Like a lot of people I know I didn't grow up in the kind of shitty economic circumstances I've lived in for my adult life. This has been a source of tension and conflict with family members. No one else in my family went to college, so they didn't understand how it is that I got a degree and couldn't find a job. My girlfriend made okay money taking care of kids for a living, but got shit from family about that - you went to college to become a nanny? At one point I counted. At twenty five I had had twenty five jobs. Most of my friends my age were similar. My father had worked at a lot of job sites in the construction trades but had basically had the same job since finishing trade school during a long construction boom. He didn't understand it and didn't care to. Obviously I couldn't find work because I was stupid, even if I had "the gift of gab, and good grades," as he put it. When in a better mood he would emphasize "someone as smart as you, you can find work, you just gotta job hunt better than you are." My mom's answer was a variation on the same theme, except that she was convinced that somehow going to graduate school would fix everything, and she was praying that God would help me understand this, and that after all God helped those who helped themselves.
My life is more stable now than it was back then, I have a job again, and health insurance. That stability's not as much as I'd like, though. I also have a kid and my wife and I are spending more than we earn, and I sometimes have nightmares about losing my job again and my daughter being uninsured. When Juan made the remark that we don't have much language to describe what is happening it really struck me because this has been my experience in trying to talk with my family about my experiences in the economy. For various reasons my relationships with my parents are difficult, though thankfully much less so than when I was in my 20s. Our problems are not just and not primarily economic, but the disconnects I've had with them over my experiences with jobs have not helped. They were really unable to understand what it was like looking for work, and that I really did try to find work, and I couldn't put it in words they'd understand. That lack of language, and the lack of comprehension on the part of people I loved (and already was prone to battling with) made the economic circumstances even worse.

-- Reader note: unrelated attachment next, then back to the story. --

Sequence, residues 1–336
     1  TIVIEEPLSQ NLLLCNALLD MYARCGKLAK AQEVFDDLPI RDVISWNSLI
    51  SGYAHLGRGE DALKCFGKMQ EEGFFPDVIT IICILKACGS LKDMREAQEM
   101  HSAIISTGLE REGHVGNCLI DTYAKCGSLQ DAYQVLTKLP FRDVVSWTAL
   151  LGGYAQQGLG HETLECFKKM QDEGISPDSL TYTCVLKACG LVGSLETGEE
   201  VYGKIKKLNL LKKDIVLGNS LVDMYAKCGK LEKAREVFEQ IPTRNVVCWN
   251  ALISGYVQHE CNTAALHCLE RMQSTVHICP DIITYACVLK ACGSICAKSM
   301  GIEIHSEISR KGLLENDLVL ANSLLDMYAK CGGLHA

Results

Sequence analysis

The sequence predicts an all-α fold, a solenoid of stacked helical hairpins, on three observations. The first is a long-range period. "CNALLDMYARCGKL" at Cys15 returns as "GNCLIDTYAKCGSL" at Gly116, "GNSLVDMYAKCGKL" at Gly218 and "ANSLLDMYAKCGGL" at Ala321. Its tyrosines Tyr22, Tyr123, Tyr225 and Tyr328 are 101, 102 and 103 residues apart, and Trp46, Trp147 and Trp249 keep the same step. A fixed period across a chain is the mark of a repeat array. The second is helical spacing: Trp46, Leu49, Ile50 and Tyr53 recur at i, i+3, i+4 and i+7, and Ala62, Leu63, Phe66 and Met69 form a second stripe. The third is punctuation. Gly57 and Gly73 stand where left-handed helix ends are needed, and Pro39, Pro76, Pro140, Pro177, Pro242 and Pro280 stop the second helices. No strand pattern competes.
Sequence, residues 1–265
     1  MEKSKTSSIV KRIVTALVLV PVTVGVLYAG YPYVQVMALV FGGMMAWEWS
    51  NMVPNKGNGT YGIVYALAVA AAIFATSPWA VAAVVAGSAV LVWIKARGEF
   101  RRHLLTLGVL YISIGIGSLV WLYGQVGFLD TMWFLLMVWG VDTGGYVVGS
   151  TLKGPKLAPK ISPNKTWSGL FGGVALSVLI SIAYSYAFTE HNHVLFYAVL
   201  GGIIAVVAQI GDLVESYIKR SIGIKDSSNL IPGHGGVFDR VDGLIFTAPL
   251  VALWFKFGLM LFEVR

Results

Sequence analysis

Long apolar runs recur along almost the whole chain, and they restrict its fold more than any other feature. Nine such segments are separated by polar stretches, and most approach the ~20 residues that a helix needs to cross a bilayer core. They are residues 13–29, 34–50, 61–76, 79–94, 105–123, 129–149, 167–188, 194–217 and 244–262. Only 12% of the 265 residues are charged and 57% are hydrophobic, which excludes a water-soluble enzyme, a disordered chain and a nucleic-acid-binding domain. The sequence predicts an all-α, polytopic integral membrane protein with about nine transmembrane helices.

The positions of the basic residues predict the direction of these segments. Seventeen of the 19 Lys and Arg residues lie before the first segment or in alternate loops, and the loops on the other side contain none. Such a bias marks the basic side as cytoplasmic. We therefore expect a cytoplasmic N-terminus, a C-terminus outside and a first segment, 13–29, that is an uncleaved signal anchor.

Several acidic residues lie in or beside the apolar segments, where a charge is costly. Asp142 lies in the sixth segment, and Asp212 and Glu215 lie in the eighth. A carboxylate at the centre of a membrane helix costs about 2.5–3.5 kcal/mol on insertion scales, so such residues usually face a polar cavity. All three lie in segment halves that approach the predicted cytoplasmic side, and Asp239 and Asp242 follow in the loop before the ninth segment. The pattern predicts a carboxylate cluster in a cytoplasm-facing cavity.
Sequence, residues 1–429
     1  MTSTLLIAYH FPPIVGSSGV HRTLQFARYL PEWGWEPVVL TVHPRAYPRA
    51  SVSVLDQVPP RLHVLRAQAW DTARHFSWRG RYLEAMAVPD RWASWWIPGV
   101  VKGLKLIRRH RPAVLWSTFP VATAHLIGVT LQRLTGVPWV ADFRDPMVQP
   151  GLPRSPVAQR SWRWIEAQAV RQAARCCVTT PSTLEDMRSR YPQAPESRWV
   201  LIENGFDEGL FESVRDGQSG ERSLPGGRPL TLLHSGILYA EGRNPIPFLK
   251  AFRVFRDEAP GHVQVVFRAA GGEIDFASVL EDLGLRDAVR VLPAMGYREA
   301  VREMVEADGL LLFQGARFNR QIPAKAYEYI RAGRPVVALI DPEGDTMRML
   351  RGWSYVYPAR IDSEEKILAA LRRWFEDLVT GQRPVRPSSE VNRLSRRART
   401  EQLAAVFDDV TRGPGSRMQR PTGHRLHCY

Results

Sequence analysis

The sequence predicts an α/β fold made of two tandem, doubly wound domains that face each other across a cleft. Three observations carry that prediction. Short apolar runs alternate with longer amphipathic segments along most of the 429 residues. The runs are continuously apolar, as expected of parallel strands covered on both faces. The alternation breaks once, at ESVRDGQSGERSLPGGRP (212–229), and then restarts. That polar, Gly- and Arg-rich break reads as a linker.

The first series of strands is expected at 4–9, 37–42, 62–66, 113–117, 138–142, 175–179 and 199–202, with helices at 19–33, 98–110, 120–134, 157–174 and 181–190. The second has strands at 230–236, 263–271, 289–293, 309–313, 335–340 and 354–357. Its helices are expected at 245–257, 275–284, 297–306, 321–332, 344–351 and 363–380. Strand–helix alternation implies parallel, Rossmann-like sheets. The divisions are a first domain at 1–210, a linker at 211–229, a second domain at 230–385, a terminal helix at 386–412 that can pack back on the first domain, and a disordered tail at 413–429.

In the past few years, I'm sorry to say, my parents understand what's going on. The construction boom dried up with the financial crisis. My dad's working his first non-union and non-construction job in years. He works nights as a maintenance guy at a factory, often working six or seven nights a week. My mom became a teacher late in life, right around when she and my dad split up. This year the school she teaches in cut almost half the teachers in her department. Class sizes went up accordingly, and they cut her pay by almost eight hundred dollars a month. She has started waiting tables to make up the lost income.
Nowadays my parents understand better what my job experience was like. They've been through the wringer themselves now economically, like so many other people, and have seen enough other people they know - people their age, not dumb ass younger people - have a hard time. And it's just in the air now, people get that things have changed. But at the same time, while there's this new understanding, it's largely unspoken. That is in part a product of how my family and I (don't) communicate, but it's also a matter of what Juan said: there isn't enough language to describe these changes. I mean, there's probably plenty of terminology, but none that at any of us had on hand to talk with.
The conversation with Juan that prompted this was in part about the term precarity. The term as I understand it came up through European movements in the late 1990s and early 2000s around cuts in welfare policy, changes in labor practices like more temp and part time work, and changes in labor law. I've never particularly liked the term. Actually, that's not true. I liked that term when I first heard it. I first heard it through autonomist marxist channels online, around maybe 2001 or 2002. At the time it spoke to some of my experiences, and I had a bad habit of liking all things European without thinking much about it. I remember when Greenpepper magazine devoted an issue to precarity. I got a copy and showed it to a friend, he said "it's interesting but it's really … like, conceptual. I have trouble understanding some of it and I don't know why they need to talk about this stuff in those terms." For a while some friends and I collaborated on a blog tracking what we could about the precarity conversations that were happening. Over time I got tired of the precarity talk, for three reasons. One, I had begun to be frustrated with what I had started to think was a social democratic component in the precarity movements. Two, I had become frustrated with American leftists importing categories from Europe without adapting them enough to (and accounting for) the different history and context in the U.S. Three, I had started to learn more about U.S. history and it seemed to me that the U.S. working class never stopped being precarious, to the degree that people did in Europe, and precarity was especially more common for people of color, immigrants, and women workers.